St. Bishop Berneux

List of those canonized or beatified

St. Bishop Daveluy

 Saint Andrew Kim Dae-geon and the Venerable Thomas Choe Yang-eop

The first two Korean priests, St. Andrew Kim Dae-geon and the Venerable Thomas Choe Yang-eop, studied together in Macao before entering Korea as priests. Kim Dae-geon was executed in 1846, a year after returning to Korea. Thomas Choe entered several years later and served as priest for some 10 years before dying of exhaustion. Both wrote about 20 letters in Latin to the French priests who had educated them. English translations of both sets of letters have been made by Brothers Anthony and Han-Yol. The translated letters of Saint Andrew Kim Dae-geon were published in 2021. Those of Thomas Choe were published late in 2022. The Latin (or French) originals can be viewed here:
The letters and reports on the Korean martyrs by St. Andrew Kim Dae-geon.
The letters written by Thomas Choe Yang-eop.

Copies of these books can be purchased through the office of the Royal Asiatic Society, Korea. (email link)

A series of texts in French and Latin about the life and death of Fr. Kim used for his beatification


The “Documents of Mgr Daveluy” consist of five volumes: the first two are collections of his letters.
volume 3: Notes for the introduction to the History of Korea
Volume 4: Notes for the History of the Martyrs of Korea
Volume 5: Notices of the Principal Martyrs of Korea
Volume 6: Letters to the MEP
Volume 8: Letters to his family
Saint  Marie-Nicolas Antoine Daveluy, Bishop (1818-1866)

Born on March 16, 1818 in Amiens, Antoine Daveluy was ordained on December 18, 1841. After 20 months as vicar in the parish of Roye, he entered the Society of Foreign Missions of Paris. Sent to Macao, he met Bishop Ferréol, third Apostolic Vicar of Korea, who asked him to accompany him in his mission. He accepts and goes to Sanghai where he attends the ordination of Father André Kim Dae-geon, the first Korean priest.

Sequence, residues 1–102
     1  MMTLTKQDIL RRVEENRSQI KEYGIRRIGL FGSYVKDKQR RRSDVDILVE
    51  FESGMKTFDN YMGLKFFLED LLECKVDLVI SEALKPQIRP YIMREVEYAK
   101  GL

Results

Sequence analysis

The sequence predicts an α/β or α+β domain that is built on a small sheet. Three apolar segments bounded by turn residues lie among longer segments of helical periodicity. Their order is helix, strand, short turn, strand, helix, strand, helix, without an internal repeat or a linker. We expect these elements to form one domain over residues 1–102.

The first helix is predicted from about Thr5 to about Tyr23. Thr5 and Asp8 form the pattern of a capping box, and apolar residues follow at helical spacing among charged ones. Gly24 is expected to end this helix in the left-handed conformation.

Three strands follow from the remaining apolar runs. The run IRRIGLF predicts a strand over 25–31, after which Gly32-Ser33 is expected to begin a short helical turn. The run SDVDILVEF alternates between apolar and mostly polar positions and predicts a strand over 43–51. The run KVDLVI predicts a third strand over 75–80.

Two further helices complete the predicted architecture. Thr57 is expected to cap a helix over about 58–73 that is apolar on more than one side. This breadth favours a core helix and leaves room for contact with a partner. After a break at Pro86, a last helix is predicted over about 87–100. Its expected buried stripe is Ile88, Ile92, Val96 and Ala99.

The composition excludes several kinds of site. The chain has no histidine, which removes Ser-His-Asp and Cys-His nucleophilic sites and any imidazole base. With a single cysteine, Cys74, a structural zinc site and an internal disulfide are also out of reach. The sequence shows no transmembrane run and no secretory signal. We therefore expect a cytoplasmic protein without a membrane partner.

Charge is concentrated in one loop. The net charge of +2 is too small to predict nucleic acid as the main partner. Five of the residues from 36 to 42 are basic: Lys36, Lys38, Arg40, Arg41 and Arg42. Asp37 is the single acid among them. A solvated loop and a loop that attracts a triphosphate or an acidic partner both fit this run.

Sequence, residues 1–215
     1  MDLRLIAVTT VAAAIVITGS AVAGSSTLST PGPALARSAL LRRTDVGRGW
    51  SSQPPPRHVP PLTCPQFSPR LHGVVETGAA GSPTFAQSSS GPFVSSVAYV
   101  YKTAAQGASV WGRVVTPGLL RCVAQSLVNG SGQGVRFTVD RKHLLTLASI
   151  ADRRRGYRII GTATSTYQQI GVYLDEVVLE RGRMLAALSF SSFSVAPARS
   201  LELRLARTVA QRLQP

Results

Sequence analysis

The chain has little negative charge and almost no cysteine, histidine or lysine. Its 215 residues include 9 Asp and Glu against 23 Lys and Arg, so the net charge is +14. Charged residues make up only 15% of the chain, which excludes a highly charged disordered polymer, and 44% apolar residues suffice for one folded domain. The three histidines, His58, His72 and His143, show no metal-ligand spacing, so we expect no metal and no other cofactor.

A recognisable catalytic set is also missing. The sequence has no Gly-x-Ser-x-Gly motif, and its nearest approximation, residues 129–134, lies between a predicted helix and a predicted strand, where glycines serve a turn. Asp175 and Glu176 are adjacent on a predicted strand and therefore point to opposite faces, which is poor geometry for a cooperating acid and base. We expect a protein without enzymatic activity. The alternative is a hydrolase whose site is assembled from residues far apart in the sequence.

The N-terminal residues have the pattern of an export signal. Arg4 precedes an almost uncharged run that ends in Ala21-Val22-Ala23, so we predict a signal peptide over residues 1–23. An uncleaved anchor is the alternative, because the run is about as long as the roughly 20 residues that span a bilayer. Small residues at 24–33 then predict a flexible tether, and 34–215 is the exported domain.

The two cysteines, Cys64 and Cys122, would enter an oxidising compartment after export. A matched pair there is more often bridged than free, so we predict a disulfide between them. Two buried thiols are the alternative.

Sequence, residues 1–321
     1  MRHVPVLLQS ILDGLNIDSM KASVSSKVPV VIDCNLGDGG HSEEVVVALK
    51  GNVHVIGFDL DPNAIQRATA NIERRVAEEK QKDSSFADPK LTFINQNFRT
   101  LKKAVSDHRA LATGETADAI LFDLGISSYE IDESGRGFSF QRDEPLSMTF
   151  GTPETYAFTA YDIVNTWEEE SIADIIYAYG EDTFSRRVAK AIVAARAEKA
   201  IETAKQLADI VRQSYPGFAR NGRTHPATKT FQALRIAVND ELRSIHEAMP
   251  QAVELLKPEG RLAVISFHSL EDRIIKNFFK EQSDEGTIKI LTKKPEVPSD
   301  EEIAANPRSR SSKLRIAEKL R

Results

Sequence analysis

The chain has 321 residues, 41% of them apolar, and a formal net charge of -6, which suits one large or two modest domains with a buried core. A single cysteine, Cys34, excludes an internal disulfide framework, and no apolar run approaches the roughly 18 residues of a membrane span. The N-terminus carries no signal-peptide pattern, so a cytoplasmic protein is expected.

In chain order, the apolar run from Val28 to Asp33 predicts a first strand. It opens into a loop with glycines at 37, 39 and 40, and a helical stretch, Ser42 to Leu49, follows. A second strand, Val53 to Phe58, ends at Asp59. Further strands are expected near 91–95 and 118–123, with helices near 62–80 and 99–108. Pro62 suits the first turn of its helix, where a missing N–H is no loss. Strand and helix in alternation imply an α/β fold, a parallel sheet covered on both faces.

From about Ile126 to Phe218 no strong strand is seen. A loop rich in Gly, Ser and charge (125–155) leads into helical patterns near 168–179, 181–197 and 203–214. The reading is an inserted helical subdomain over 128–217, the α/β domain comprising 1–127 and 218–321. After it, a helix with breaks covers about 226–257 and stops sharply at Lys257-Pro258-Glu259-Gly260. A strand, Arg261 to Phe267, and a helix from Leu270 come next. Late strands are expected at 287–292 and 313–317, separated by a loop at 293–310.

On August 31, 1845, accompanied by his bishop and the new priest, he left Shanghai and after a long and perilous crossing, on October 12, all three arrived clandestinely in Korea. Over the next ten years, he traveled through Christian villages in secret, in the midst of countless difficulties despite very precarious health. In 1856 he was appointed coadjutor to Bishop Berneux, with right of succession and consecrated bishop in Seoul on March 25, 1857. From 1856 he had set himself to the arduous task of collecting documentation concerning the culture, history, administration, geography, the history of the Church in Korea and the deeds of its many martyrs.
    Copies of the documents, which he had translated into French, were sent in 1862 to Paris to the superior of the seminary of the Foreign Missions of Paris, Mr. François Antoine Albrand. They served as a source for the "History of the Church of Korea" written by Claude Charles Dallet published in 1874. A year after these documents had been sent to Paris, a fire in Seoul destroyed all the original documents in the house of Mgr. Daveluy.
     After having thus collected the acts of the martyrs of Korea, he was himself arrested on March 11, 1866 and beheaded on the 30th of the same month. He was 48 years old and had worked for 21 years in Korea He was canonized on May 6 1984 in Seoul with the 102 other holy martyrs of this country.

His Volume 4: Notes for the History of the Martyrs of Korea, (from the beginning until 1839) was the main source for the earlier part of Dallet's History. The account based on it ends with the end of Chapter 1 of Dallet's Book III. Daveluy says that his source for information about the early years around 1784 are notes written by Jeong Yak-yong aka Dasan.

Chronology of the records of the early martyrs and their 1925 Beatification (Korean text)

Volume 4
Preamble: Hong Iou han, Ni Piek, Ni Seng houn